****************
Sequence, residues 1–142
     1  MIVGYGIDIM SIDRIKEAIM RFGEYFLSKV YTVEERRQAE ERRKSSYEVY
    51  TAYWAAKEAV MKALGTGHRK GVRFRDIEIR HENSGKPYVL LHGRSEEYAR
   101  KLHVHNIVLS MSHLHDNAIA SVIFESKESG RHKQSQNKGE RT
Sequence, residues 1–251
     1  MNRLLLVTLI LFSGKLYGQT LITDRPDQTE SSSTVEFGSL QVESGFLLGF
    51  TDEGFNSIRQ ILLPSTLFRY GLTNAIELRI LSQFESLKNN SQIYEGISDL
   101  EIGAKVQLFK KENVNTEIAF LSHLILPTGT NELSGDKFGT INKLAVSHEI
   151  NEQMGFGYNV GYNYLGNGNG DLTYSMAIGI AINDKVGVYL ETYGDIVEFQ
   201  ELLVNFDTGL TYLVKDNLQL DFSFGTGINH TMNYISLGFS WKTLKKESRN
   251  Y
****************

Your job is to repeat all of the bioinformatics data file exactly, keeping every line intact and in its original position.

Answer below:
Sequence, residues 1–142
     1  MIVGYGIDIM SIDRIKEAIM RFGEYFLSKV YTVEERRQAE ERRKSSYEVY
    51  TAYWAAKEAV MKALGTGHRK GVRFRDIEIR HENSGKPYVL LHGRSEEYAR
   101  KLHVHNIVLS MSHLHDNAIA SVIFESKESG RHKQSQNKGE RT
Sequence, residues 1–251
     1  MNRLLLVTLI LFSGKLYGQT LITDRPDQTE SSSTVEFGSL QVESGFLLGF
    51  TDEGFNSIRQ ILLPSTLFRY GLTNAIELRI LSQFESLKNN SQIYEGISDL
   101  EIGAKVQLFK KENVNTEIAF LSHLILPTGT NELSGDKFGT INKLAVSHEI
   151  NEQMGFGYNV GYNYLGNGNG DLTYSMAIGI AINDKVGVYL ETYGDIVEFQ
   201  ELLVNFDTGL TYLVKDNLQL DFSFGTGINH TMNYISLGFS WKTLKKESRN
   251  Y